How to Kill a Troll — The Case for Formalized IP Risk Management

troll grilling

What do AT&T, Google, Carbonite and Level-Up all have in common?

All have faced patent litigation costing anywhere from a couple hundred thousand to millions of dollars to defend.

Technology companies of all sizes are falling prey to “patent trolls” or non-practicing entities (NPEs). NPEs are legal entities that have been set up to enforce patent rights but do not manufacture or supply services based on the patents.

While the best known patent infringement cases involve the global behemoths, the truth is, companies of all sizes are at risk.

Plaintiffs don’t care if a start-up’s license fees are paid for by venture funding or public shareholders. In fact, a recent study co-sponsored by the National Venture Capital Association found that one in three start-ups were accused of patent infringement. On the other side of the spectrum, public companies like AT&T, Verizon, Google, Apple and Samsung were hit on almost a weekly basis last year with patent suits brought by NPE’s.

Quick Settlements

Early-stage technology companies looking to innovate and grow usually can’t afford to fight a frivolous claim and are often forced to take the expedient and economically practical route of a quick settlement. The problem with this approach is the perpetuation and continued growth of a system that is diverting much-needed capital and attention from innovation to litigation.

For larger public companies, the litigation becomes a tax on shareholders and consumers.

Of course, not all cases are frivolous and there are those who argue that NPE’s play an important role in providing an avenue for the small-time inventor to “monetize” their creation. Whether or not you believe any individual case has merit depends on where you are seated.

However, there is no denying that patent litigation has increased dramatically.

Protection

So, how does a technology company protect itself when there is perhaps a 1-in-3 chance it will be sued for patent infringement?

  1. Of course, finding a good lawyer is the first step.
  2. After obtaining counsel, developing a formal IP risk management program is critical. IP risk management should be part of every corporate risk management program.

By many accounts, the value of a technology company’s IP assets represents well over 50% of its market cap. For many in the technology and life science sector, IP is the ONLY material asset, yet only a select few have include IP assets in their corporate risk management program.

Given the cost to develop new IP and the incredible future value of these assets, doesn’t it make sense to include these assets in the overall corporate risk management program? Life science companies generally have even more at risk given their extended development timeline and regulatory requirements.

IP Risk Management Programs

The good news is that insurance brokers & risk managers have developed programs to help companies of all sizes manage IP risk, especially those focused on the technology and life science sectors. A good IP risk management program will include the following components:

  • Patent Landscape Identification – This is used to help identify obvious and non-obvious stealth patents that may be of issue. There are various programs available that will use keyword search, semantic search and other metadata search functionality across an international array of databases.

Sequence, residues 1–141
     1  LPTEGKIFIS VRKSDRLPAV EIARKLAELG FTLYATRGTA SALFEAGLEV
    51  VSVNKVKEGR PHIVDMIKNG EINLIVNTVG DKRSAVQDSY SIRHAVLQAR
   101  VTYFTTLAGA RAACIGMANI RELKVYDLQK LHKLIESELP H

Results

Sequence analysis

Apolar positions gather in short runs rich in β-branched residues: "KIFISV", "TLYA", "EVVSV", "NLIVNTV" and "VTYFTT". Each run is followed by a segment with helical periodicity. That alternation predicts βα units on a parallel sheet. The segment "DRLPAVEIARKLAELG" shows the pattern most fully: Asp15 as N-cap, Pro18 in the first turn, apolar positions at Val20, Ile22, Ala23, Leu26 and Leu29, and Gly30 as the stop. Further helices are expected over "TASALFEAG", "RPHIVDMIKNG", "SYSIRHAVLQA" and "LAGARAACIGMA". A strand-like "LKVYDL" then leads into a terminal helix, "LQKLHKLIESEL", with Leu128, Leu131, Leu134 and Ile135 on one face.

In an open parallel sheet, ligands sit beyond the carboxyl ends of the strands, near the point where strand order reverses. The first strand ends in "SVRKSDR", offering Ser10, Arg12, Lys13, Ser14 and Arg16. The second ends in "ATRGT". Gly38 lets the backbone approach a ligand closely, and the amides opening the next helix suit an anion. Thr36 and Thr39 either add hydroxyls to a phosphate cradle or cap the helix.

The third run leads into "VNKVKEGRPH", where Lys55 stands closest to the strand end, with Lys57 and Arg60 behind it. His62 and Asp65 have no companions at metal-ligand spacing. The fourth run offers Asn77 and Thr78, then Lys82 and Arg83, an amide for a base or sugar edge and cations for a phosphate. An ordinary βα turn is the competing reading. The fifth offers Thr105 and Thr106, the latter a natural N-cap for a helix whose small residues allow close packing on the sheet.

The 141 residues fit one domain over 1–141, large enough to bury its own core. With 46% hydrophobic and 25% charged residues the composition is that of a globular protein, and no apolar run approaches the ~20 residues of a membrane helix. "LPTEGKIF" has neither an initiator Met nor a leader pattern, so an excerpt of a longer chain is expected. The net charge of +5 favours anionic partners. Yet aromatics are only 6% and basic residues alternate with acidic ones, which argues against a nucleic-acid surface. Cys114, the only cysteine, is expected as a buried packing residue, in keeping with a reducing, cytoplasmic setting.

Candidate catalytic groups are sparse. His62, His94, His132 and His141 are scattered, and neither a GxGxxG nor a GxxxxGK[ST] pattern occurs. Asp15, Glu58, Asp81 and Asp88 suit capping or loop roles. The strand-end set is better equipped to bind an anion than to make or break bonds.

• Danger Signal Identification – Once the patent landscape has been identified, it’s important to filter out the “noise,” as studies suggest less than 1% of patents filed are ultimately litigated. Danger signs may include:
    • The amount of prior litigation related to the patent.
    • Ownership of the patent – Does the patent have a litigious owner? Was the patent recently sold? If so, was the patent sold to a NPE or a competitor?
    • Does the relevant patent landscape include any seminal patents that are often cited by subsequent filings and may have a substantial footprint on the area of technology?
    • Risk Mitigation – Once the relevant patents have been identified and assessed, what can be done to mitigate the risk of litigation? Can the patent be designed around? Does it make sense to license or buy the IP?
    • Risk Transfer – Should insurance be used as a hedge to protect or enforce my patent or defend me if my company is sued for infringement?
    • Pro-Active Monitoring – Periodic review and re-assessment of the patent landscape followed by danger identification, mitigation and transfer considerations once again.

While there is no substitute for sound legal advice and review once key risks are identified, there are plenty of resources to help those responsible for corporate risk management to adequately assess, mitigate and control IP risk.

Remember, small companies are easy targets because they do not have the resources to fight, and large companies are a target because that is where the money is.

It is an easy step to add IP risk management to your corporate risk management program and certainly worthwhile given the incredible value of IP as compared to the other risks facing technology companies.

Keep your pot of gold for the leprechaun and don’t give it to the troll.

 

About Steve Schoenberger

Steve Schoenberger is Vice President of Corporate Property & Casualty, based in Willis’ Boston office. He joi…
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